The beginning of the extermination of the Cherokee tribe, called the Trail of Tears, is one of the most tragic periods in the American history. This Indian tribe had lived on their territory for hundreds of years before European settlers came to the continent and the long story of their expulsions began. At first, they had to migrate from the Great Lakes region to the southern Appalachians. After the American Revolution, this tribe was considered a separate nation living within the country and the natives faced even more difficulties.
While the Cherokee were committed to peaceful coexistence with their white neighbors, the settlers were more interested in seizing the land. Since the tribe’s lands were fertile and productive, the United States government started a long campaign to expel the Natives from their territory and resettle them to the west of the Mississippi River, to the place known as the “Great American Desert.” This campaign became notorious for the threats of military force, racist attitudes, empty promises, and broken treaties. It is noteworthy that it was not the first time the Cherokee had been relocated off their lands. Earlier invasions of the whites were violent and were accompanied with assaults, robberies, and destruction of their houses. Meanwhile, the US government, which had to protect the tribes, sent the troops to force them to leave.
The Cherokee had to move several times. Settlers in Georgia demanded their removal; later the same happened in West Virginia, both Carolinas and Tennessee. Each time white settlers prompted the government to force the Indians to leave the state. Of course, there were some families that did not support the expulsion plan, because they got aid and support from the tribes during hard times. Unfortunately, they were not many in number and could not stop the banishment.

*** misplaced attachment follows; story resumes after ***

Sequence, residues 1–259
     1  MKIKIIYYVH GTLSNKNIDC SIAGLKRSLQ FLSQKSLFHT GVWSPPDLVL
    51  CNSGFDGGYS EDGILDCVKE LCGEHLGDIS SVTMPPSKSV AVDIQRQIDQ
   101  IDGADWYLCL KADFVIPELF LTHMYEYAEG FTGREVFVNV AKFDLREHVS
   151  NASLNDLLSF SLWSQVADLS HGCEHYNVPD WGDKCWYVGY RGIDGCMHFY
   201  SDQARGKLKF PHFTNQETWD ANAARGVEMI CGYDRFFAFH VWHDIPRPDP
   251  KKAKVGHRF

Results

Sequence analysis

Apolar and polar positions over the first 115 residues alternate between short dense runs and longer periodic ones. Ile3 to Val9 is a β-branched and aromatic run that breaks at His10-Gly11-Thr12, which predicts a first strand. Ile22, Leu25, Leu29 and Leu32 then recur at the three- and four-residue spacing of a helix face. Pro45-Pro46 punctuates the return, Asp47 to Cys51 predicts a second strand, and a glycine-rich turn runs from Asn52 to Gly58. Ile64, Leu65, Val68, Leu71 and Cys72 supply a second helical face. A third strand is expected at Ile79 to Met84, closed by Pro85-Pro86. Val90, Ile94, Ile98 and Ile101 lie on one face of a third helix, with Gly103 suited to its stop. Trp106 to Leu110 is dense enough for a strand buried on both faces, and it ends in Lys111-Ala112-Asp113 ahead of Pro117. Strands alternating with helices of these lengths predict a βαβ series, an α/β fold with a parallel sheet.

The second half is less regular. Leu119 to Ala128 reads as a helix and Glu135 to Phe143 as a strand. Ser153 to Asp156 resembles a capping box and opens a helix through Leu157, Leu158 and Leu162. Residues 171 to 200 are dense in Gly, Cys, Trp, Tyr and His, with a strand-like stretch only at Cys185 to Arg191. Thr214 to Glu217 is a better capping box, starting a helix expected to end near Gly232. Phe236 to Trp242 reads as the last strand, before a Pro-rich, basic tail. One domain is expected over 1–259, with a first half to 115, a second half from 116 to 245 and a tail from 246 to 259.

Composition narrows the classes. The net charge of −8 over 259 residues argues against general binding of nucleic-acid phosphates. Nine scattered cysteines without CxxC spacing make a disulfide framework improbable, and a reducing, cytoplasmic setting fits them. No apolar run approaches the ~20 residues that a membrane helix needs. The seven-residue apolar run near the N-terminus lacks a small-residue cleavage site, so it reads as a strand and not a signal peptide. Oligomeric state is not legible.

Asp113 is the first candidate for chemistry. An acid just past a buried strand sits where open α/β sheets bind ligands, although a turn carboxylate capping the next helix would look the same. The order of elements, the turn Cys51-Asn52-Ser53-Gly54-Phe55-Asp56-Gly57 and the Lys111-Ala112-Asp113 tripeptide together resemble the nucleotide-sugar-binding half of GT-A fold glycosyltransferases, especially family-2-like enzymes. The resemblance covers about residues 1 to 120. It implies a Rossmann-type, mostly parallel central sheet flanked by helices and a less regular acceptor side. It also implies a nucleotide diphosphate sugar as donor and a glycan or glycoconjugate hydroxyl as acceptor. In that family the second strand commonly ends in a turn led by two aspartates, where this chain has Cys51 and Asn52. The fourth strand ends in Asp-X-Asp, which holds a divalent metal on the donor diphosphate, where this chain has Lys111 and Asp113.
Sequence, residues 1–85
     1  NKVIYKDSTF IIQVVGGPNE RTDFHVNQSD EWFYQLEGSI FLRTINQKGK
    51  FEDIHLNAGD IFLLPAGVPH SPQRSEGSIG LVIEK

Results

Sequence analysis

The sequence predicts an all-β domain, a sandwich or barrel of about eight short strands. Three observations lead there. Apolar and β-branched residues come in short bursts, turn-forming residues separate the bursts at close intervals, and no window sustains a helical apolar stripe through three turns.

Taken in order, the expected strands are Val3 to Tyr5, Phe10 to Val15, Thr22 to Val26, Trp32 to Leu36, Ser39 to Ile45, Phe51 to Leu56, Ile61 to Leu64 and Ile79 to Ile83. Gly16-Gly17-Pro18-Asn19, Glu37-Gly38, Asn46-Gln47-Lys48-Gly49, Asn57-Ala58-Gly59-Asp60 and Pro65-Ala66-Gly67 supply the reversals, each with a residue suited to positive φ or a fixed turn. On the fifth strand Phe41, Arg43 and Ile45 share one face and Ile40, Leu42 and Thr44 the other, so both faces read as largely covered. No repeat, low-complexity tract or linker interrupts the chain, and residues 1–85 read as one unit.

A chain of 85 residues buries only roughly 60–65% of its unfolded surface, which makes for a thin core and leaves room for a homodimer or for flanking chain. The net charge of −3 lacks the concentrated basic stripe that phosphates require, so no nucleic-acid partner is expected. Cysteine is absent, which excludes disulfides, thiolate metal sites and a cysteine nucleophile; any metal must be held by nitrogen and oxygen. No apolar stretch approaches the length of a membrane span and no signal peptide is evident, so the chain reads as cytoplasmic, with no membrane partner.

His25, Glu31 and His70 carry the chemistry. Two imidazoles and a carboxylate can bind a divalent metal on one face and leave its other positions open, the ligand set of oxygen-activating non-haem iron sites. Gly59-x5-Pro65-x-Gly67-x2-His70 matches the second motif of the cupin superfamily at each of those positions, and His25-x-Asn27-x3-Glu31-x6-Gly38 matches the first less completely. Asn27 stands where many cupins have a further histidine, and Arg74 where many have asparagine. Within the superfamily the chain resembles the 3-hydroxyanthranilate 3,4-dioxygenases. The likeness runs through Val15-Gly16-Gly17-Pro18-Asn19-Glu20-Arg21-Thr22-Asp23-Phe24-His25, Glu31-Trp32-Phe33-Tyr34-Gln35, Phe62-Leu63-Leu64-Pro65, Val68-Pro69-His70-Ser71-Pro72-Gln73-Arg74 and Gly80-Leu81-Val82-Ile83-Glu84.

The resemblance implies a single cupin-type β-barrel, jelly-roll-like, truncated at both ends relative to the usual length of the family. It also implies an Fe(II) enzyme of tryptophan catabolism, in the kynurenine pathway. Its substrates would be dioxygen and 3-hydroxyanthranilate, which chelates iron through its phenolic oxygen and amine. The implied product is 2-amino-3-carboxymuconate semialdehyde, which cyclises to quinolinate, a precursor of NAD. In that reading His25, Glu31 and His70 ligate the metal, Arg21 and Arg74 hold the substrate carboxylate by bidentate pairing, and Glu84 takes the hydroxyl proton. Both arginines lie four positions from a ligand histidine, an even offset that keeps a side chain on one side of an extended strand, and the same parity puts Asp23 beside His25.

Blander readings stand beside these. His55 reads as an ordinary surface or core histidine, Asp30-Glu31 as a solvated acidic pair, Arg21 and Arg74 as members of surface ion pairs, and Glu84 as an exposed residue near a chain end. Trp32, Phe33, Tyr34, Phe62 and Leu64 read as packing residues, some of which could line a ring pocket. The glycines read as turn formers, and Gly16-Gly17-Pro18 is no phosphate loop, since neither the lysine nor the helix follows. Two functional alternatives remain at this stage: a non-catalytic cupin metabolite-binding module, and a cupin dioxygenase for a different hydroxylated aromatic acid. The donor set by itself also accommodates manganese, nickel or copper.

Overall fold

The idea to expel the Indians appeared in 1802, when President Jefferson developed a secret Indian policy that made provisions for the actions that were to happen within the period of thirty years. The Louisiana Purchase was one of the main preconditions for that, since it gave the Americans an area wide enough to have the Natives deported. As it was envisaged by President Jefferson, the banishment of the Cherokee began in 1830 during the presidency of Andrew Jackson. Thousands of Indians were to suffer from hunger, cold, and disease during the forced walk to Oklahoma. That was how they started their Trail of Tears.
The expulsion of the Cherokee remains one of the most shameful pages in the American history. Thousands of Indians died along the way to the newly allocated lands. Their journey became a cultural memory and the territory they crossed in now called the Trail of Tears. It still reminds us of those events and their influence on the Cherokee, other Indian tribes, and white Americans.